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Friday 8 December 2023 Dublin: 9°C
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Global Warming

Deadly heat waves could hit South Asia this century

Global warming could lead to uninhabitable temperatures, a study found.

SOUTH ASIA COULD be hit with deadly heat waves – caused by climate change – by the end of this century that humans wouldn’t survive in, research has found.

The study found that climate change could lead to summer heat waves with levels of heat and humidity that exceed what humans can survive without protection, in South Asia, a region of deep poverty where one-fifth of the world’s people live.

Under business-as-usual scenarios, without significant reductions in carbon emissions, the study shows that these deadly heat waves could begin within as little as a few decades – striking regions of India, Pakistan and Bangladesh, according to researchers

They also suggested that it could hit the fertile Indus and Ganges river basins that produce much of the region’s food supply.

The new findings, based on detailed computer simulations using the best available global circulation models, were published by MIT researcher Elfatih Eltahir in the journal Science Advances.

‘Vulnerable to climate changes’

The study follows an earlier report by Eltahir, which looked at projected heat waves in the Persian Gulf region.

The number of extreme-heat days projected there were even worse than for South Asia, but Eltahir said the impact in the latter area could be vastly more severe.

While the Persian Gulf area has a relatively small, relatively wealthy population, and little agricultural land, the areas likely to be hardest hit in northern India, Bangladesh, and southern Pakistan are home to 1.5 billion people.

These areas are also among the poorest in the region, with much of the population dependant on subsistence farming that requires long hours of hard labour out in the open and unprotected from the sun.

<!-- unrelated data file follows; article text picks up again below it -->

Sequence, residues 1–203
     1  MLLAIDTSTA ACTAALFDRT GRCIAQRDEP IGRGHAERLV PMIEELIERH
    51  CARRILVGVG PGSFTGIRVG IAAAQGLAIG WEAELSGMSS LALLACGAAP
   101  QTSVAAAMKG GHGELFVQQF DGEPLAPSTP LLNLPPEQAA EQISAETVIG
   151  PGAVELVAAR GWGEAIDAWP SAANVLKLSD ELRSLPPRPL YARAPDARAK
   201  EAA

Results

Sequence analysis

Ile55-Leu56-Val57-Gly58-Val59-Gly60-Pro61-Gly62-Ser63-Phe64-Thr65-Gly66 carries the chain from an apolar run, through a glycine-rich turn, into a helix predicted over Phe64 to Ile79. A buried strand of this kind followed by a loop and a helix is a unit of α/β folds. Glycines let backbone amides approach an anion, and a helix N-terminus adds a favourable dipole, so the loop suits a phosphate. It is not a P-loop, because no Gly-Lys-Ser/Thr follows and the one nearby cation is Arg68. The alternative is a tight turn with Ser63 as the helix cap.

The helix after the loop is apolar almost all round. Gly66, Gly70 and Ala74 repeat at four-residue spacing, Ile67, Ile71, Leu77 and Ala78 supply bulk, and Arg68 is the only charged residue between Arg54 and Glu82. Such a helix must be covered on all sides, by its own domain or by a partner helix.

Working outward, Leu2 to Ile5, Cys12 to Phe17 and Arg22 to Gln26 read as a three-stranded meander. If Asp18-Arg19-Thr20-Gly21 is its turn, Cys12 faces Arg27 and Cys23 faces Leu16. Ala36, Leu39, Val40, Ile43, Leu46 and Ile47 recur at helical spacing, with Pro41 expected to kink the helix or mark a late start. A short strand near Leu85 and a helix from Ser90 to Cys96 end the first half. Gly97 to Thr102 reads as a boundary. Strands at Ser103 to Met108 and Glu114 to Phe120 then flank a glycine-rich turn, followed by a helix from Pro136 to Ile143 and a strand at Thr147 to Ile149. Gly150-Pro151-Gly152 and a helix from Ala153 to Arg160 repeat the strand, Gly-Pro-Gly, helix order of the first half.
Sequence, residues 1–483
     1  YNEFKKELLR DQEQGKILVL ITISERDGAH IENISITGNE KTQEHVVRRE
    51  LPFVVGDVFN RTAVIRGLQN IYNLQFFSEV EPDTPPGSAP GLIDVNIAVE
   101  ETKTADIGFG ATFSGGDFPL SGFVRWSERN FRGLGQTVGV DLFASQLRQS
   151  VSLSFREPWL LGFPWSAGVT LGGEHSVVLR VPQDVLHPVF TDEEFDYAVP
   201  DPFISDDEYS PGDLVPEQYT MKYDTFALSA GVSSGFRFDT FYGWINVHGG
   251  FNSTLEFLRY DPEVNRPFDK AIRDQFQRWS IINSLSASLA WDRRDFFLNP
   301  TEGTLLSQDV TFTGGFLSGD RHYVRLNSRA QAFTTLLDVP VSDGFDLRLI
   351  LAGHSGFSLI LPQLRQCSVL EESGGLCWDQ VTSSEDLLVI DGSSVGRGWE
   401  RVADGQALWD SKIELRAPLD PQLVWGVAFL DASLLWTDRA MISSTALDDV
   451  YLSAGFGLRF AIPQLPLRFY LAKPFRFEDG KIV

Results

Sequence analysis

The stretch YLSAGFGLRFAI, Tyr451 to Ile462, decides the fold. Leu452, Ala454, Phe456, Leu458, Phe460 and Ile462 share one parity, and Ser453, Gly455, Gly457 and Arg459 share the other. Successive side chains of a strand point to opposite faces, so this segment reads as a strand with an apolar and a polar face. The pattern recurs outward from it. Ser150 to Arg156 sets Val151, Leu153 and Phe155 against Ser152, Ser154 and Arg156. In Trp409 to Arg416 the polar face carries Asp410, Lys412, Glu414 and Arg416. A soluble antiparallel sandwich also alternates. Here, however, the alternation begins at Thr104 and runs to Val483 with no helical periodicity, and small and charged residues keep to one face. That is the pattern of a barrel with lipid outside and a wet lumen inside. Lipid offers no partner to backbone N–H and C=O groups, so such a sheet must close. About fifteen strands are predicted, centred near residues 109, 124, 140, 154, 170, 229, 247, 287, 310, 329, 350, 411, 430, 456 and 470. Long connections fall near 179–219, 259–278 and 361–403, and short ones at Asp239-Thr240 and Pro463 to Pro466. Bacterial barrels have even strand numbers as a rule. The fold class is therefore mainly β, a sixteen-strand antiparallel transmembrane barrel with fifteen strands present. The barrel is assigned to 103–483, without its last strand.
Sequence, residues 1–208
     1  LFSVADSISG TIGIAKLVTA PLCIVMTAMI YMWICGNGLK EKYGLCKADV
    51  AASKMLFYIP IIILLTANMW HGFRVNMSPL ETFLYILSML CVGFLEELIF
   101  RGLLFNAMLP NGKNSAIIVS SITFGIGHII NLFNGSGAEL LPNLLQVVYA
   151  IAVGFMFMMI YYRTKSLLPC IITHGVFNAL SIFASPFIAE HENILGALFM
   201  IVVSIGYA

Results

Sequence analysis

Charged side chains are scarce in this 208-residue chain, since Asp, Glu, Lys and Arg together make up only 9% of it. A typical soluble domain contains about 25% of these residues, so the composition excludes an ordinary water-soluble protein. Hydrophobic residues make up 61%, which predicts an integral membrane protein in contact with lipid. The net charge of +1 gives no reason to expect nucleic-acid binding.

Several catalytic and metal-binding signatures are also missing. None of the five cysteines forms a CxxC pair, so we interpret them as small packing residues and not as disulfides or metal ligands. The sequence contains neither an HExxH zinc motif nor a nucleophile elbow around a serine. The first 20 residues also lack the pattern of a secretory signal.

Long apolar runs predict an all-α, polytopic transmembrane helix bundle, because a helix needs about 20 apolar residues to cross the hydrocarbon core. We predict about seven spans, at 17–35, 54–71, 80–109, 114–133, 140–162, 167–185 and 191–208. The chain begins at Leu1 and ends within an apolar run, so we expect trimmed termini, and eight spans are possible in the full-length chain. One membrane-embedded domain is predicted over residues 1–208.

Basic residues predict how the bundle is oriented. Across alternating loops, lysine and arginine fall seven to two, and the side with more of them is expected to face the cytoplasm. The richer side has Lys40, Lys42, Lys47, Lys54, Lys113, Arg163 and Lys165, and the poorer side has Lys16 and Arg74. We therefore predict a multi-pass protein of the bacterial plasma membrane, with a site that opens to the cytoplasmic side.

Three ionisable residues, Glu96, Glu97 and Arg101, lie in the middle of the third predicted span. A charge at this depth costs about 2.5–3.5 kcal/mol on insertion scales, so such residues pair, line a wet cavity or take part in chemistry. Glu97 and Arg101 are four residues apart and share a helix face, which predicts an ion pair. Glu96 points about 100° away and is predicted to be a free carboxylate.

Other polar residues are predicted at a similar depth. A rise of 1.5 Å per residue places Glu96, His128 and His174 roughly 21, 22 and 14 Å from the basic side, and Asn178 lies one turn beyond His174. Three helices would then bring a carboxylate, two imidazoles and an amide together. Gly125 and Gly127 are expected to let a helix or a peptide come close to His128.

“That makes them very vulnerable to these climatic changes, assuming no mitigation,” Eltahir said.

The new analysis is based on recent research showing that hot weather’s most deadly effects for humans come from a combination of high temperature and high humidity, which is measured by a reading known as wet-bulb temperature.

At a wet-bulb temperature of 35 degrees Celsius, the human body can’t cool itself enough to survive more than a few hours.

South Asian heat wave of 2015

Actual readings in the Persian Gulf region in the summer of 2015 show that the 35-degree wet-bulb limit had almost been reached already, suggesting that such extremes could begin earlier than projected.

The summer of 2015 also produced one of the deadliest heat waves in history in South Asia, killing an estimated 3,500 people in Pakistan and India.

And yet, India and China remain two countries where emission rates of greenhouse gases continue to rise, driven mostly by economic growth, according to Eltahir.

“So I think these results pose a dilemma for countries like India. Global warming is not just a global problem – for them, they will have some of the hottest spots [on the planet],” he said.

Future projections

In today’s climate, about 2% of the Indian population sometimes gets exposed to extremes of 32-degree wet-bulb temperatures.

By 2100 that will increase to about 70% of the population and about 2% of the people will sometimes be exposed to the survivability limit of 35 degrees, according to the latest study.

Because the region is important agriculturally, it’s not just those directly affected by the heat that will suffer, according to Eltahir.

“With the disruption to the agricultural production, it doesn’t need to be the heat wave itself that kills people. Production will go down, so potentially everyone will suffer.”

But while the study provides a grim warning of what could happen, it is far from inevitable, Eltahir stressed.

The study examined not just the business-as-usual case but also the effects under a moderate mitigation scenario, which showed that these dramatic, deadly effects can still be averted.

“There is value in mitigation, as far as public health and reducing heat waves,” he said.

“With mitigation, we hope we will be able to avoid these severe projections. This is not something that is unavoidable.”

Read: Electric cars: Is Ireland, and the world, ready for them?

More: The wine industry in Europe could be in trouble due to global warming, researchers warn

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